Therapeutic Strategies in Advanced Ovarian Cancer - Episode 15

PARP Combination Therapies in Ovarian Cancer


Bradley J. Monk, MD, FACS, FACOG: We want more, and we want to combine things. Leslie, I know one of the things that you’re passionate about is adding checkpoint inhibitors to PARP inhibitors. There’s a study called TOPACIO. Can you tell us about TOPACIO?

Leslie M. Randall, MD, MAS: Yes. TOPACIO takes this to the next level. This is PARP inhibitor in addition to pembrolizumab, a PD-1 inhibitor. The PARP inhibitor is niraparib. At the current time, they’re looking at both breast cancer patients and platinum-resistant recurrent ovarian cancer patients.

TOPACIO was presented at the 2018 Society for Gynecologic Oncology Annual Meeting. The combination does, in fact, work. And interestingly, there was a signal not only in the biomarker-positive groups, in adding your PD-L1 biomarker to that molecular signature with HRD, but there was also a signal in those who were biomarker-negative.

Bradley J. Monk, MD, FACS, FACOG: What’s the response rate?

Leslie M. Randall, MD, MAS: The overall response rate is about 12% to 20%, but this needs to be further studied, especially in ovarian cancer.

Bradley J. Monk, MD, FACS, FACOG: The study is ongoing.

Leslie M. Randall, MD, MAS: The study is ongoing, and this needs to be expanded to have a larger ovarian cancer cohort. But, it’s certainly worthy of further study.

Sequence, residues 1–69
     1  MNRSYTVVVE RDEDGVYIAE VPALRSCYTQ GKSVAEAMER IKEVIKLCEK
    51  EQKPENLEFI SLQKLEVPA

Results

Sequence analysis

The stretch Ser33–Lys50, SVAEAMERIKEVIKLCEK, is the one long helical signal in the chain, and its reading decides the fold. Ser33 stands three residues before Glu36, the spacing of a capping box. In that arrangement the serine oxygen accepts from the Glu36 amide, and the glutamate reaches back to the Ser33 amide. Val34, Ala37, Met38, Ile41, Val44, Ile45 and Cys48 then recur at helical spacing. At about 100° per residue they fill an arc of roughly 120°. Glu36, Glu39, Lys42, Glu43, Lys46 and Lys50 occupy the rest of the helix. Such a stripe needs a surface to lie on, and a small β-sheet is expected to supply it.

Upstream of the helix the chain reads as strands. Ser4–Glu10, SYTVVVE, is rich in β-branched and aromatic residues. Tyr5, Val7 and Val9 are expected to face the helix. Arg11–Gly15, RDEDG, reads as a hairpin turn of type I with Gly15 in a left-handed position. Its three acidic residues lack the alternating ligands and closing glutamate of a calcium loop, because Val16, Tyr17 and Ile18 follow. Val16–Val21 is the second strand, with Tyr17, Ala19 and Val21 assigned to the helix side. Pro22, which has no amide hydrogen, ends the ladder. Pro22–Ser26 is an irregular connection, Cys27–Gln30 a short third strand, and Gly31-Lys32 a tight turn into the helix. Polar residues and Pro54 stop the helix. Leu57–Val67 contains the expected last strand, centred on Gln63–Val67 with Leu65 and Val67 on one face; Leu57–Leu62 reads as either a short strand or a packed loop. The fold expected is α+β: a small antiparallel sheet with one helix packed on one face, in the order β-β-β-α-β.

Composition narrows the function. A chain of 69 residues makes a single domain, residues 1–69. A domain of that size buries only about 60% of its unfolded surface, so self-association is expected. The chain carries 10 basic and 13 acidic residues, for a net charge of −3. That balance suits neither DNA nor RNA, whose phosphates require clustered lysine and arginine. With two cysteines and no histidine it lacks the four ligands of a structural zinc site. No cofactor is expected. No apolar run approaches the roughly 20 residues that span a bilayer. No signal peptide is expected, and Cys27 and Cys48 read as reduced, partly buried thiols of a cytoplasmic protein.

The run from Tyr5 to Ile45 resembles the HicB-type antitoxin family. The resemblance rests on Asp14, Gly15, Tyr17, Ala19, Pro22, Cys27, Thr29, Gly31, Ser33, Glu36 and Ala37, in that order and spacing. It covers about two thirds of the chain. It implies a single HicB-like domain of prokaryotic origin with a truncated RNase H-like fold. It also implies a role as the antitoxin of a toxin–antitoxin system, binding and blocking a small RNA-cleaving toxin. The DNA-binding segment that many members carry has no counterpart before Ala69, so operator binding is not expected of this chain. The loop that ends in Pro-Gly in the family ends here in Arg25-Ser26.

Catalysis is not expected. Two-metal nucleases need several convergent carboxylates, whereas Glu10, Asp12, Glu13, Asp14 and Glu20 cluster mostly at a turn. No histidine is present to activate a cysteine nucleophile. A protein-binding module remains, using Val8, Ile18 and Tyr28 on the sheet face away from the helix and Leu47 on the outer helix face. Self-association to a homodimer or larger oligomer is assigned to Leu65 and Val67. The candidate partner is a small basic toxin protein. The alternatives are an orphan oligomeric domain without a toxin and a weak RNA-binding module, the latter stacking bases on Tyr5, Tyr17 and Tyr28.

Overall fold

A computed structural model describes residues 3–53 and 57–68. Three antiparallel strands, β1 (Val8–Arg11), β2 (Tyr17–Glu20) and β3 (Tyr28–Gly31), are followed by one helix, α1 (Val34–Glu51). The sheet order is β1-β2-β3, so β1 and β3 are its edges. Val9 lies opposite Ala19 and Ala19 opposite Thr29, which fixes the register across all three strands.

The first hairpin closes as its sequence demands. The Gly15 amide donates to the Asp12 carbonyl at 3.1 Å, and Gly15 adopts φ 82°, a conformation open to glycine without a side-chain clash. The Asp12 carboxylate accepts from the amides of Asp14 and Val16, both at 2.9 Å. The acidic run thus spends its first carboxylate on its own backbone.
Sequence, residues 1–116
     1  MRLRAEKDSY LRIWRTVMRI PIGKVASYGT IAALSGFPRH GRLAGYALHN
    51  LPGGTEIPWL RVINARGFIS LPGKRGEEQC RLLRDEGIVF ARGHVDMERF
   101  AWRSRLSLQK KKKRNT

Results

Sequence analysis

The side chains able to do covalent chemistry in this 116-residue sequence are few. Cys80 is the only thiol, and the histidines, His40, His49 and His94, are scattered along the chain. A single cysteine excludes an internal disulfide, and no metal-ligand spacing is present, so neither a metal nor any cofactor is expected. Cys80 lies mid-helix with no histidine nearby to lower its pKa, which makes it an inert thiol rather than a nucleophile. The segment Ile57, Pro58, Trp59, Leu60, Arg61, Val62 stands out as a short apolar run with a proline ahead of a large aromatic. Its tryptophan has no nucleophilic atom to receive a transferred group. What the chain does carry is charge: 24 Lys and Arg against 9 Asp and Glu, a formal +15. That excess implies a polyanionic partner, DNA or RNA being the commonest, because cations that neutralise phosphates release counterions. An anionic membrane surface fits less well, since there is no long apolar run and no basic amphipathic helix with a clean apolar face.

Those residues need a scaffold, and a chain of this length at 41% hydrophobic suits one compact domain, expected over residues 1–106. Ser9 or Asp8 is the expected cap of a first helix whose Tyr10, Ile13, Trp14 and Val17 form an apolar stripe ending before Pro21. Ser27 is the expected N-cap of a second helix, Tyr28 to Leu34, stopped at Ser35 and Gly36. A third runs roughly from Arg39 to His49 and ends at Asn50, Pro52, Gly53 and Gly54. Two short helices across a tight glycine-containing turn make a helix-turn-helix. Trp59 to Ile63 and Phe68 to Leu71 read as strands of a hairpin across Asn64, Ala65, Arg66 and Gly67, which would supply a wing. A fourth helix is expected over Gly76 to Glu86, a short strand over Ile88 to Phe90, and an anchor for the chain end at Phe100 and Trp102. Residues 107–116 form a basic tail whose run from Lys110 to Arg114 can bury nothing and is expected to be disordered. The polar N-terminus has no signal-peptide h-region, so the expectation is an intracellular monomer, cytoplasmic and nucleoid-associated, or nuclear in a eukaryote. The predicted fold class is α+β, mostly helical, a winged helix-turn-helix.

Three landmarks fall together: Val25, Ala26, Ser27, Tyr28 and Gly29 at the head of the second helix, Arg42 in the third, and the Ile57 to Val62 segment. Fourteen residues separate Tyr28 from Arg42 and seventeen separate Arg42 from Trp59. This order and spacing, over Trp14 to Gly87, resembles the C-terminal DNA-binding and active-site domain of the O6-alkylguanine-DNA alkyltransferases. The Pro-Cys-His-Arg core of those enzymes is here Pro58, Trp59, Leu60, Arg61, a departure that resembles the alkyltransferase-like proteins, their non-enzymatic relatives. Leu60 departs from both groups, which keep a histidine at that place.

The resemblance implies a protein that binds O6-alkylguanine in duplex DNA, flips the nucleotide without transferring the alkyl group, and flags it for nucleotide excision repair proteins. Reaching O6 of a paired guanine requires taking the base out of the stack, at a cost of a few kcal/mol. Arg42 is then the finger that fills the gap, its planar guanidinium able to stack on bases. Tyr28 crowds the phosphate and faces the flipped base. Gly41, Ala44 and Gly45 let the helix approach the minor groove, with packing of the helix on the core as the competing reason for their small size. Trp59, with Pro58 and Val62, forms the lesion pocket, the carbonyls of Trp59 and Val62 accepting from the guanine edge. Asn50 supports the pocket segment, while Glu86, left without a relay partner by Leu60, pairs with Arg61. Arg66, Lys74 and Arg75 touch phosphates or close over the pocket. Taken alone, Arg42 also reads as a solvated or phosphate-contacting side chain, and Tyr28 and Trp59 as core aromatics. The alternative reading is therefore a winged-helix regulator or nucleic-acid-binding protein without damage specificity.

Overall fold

Bradley J. Monk, MD, FACS, FACOG: Here’s what people say, and I know that you’re going to jump on me. In the MEDIOLA trial, which is olaparib/durvalumab, the rate is 70%. When you tell me that this is 20% to 25%, that’s half.

Leslie M. Randall, MD, MAS: I think you have to look at the differences in the populations. MEDIOLA looked at a platinum-sensitive population. We’ve been talking about how our PARP inhibitors are effective in these patients. With the addition of durvalumab, I’m not sure.

Bradley J. Monk, MD, FACS, FACOG: In a biomarker-positive group.

Leslie M. Randall, MD, MAS: Exactly. TOPACIO is a completely different approach in the resistant population, which is an unmet medical need.

Bradley J. Monk, MD, FACS, FACOG: Tom, I know you’re passionate about adding PARP inhibitors with an antiangiogenic. She says to use PARP with immuno-oncology. Maybe we can combine a PARP and antiangiogenic? What do you think?

Thomas Herzog, MD: I think it’s interesting. There’s preclinical data in all of these areas with these combinations of PARP inhibitors with antiangiogenics and PARP inhibitors with I-O therapies. The I-O story is interesting. You may change the sensitivity by creating these neoantigens, increasing the mutational load, and then coming in and hitting it with the I-O. There’s a study known as ANANOVA that’s looking at a PARP inhibitor with niraparib plus or minus bevacizumab. It’s a phase I, phase II program. We should have data early next year. It’s really an interesting strategy. You’re basically sparing the patient of platinum in a platinum-sensitive setting, which is really an interesting strategy. And, frankly, the response rates and the duration of responses that we’re seeing make it a strategy that should be looked at.

Bradley J. Monk, MD, FACS, FACOG: And that’s being expanded in the OVARIO study, right?

Thomas Herzog, MD: Right. OVARIO is niraparib and plus or minus bevacizumab in the platinum-sensitive maintenance setting.

Bradley J. Monk, MD, FACS, FACOG: That’s great.

Transcript Edited for Clarity